Dieter Nagl/AFP/Getty Images
The Dalai Lama is set to receive the Congressional Gold Medal of Honor on Wednesday. Critical of the Dalai Lama, the Chinese government has protested the award.
Dieter Nagl/AFP/Getty Images
U.S. lawmakers will award their highest honor, the Congressional Gold Medal of Honor, to Tibet's religious leader, the Dalai Lama on Wednesday.
President Bush is due to be there, following a private visit with the religious leader on Tuesday, making it one of the most public meetings between an American president and Tibetan Buddhism's top cleric.
China's government has protested the award. It accuses the Dalai Lama of seeking independence for the Himalayan region that China claims as part of its territory.
The issue of Tibet is springing up at a most inconvenient and unexpected time for China's rulers.
The leaders of the Germany, Canada, Australia, Austria and the United States have either met with the Dalai Lama in recent months or promised to do so. These nations' leaders have previously been very cautious about upsetting Beijing with such visits.
The Dalai Lama's special envoy, Lodi Gyari, says the change is because these leaders represent democratic nations and are accountable to their electorates.
"No respectable leader of the free world is going to shy away from his holiness," Gyari says. "Each one of them considers that it is a great honor to have a friendship with his holiness, and this is also what the public wants."
In the past, some leaders would not to meet the Dalai Lama "publicly." President Bill Clinton, for example, would pretend to drop by when the Dalai Lama just happened to be in Vice President Al Gore's office.
As a result, China would then pretend not to retaliate — it would cancel meetings without saying why it was doing so. This time, China's Foreign Ministry Spokesman Liu Jianchao says Washington was well aware of China's position.
"China has made solemn representations to the U.S. and [it has] clearly stated that the Chinese government opposes the Congress giving the Dalai its so-called Medal of Honor," Liu says. "We resolutely oppose any person in any country using the Dalai issue to interfere in China's internal affairs."
The Dalai Lama has also scored diplomatic points by speaking out forcefully on the recent crackdown against protesting monks in Myanmar. The image of monks leading large protests is not one that Beijing would like Tibetans to see.
Bad Timing for China
All these diplomatic headaches come at a bad time for China, as it orchestrates a leadership reshuffle at its 17th Communist Party Congress in Beijing.
The country also is dealing with an unexpected flare-up of unrest in Eastern Tibet, which has traditionally been more politically relaxed than the rest of the region.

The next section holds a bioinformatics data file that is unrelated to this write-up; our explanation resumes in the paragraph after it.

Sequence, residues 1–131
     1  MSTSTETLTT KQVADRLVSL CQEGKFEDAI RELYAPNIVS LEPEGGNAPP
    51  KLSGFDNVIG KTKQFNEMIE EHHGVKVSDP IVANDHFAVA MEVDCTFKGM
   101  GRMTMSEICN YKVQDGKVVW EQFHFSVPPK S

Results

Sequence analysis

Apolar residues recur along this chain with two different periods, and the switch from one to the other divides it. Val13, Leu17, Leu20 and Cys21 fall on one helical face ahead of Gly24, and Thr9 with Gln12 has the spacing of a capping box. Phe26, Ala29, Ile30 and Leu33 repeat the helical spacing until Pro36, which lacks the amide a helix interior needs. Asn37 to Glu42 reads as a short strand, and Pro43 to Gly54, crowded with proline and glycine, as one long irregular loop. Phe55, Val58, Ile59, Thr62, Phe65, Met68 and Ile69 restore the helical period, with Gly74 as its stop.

The problems began in August at the Litang Horse Festival. Every year, Eastern Tibet's Khampa horsemen pitch tents on the plains outside the town of Litang in the Western Sichuan province.
This year at the week-long festival, a nomad named Runggye Adak climbed on stage and publicly called for the Dalai Lama's return to Tibet. Police arrested the nomad and troops were quickly brought into quell any protests.
Lodi Gyari, the Dalai Lama's special envoy, is a Khampa. He recalls that when Chinese authorities restricted religious freedoms in 1959, the fiercely independent Khampas rose up in rebellion.
"I know myself, as a Tibetan — particularly as someone coming from that part of the world — [that] the religious freedom to the Tibetans is something that is even difficult to explain," Gyari says. "It is, for them, more precious than life."
Wavering Confidence in Beijing
Analysts say that the latest unrest comes as a shock to Beijing. The country has become increasingly confident that it has pro-Tibetan independence forces under control — and that younger Tibetans, who have grown up with the Dalai Lama in exile, will feel less loyalty to him.
But that's not how it has worked out, says Robbie Barnett, who runs the Tibetan studies program at Columbia University in New York.
"I think it is a big question for China that there seems to be a continuing inability to gauge how Tibetans think, and how to win them over," Barnett says. "[They need] to get over the idea that you can buy people's loyalty by improving the economy and improving cities and so on. It just isn't working out for them."
A new report suggests that security tensions involving the Dalai Lama have recently evolved into ethnic tensions between Tibetans and the Han Chinese.
An internal Chinese government memo obtained by the U.S. government-funded Radio Free Asia calls for Communist Party members to watch out for Tibetan traitors in their midst.
Tibetans are sure to see this, Barnett says, as an expression of distrust towards them as a people.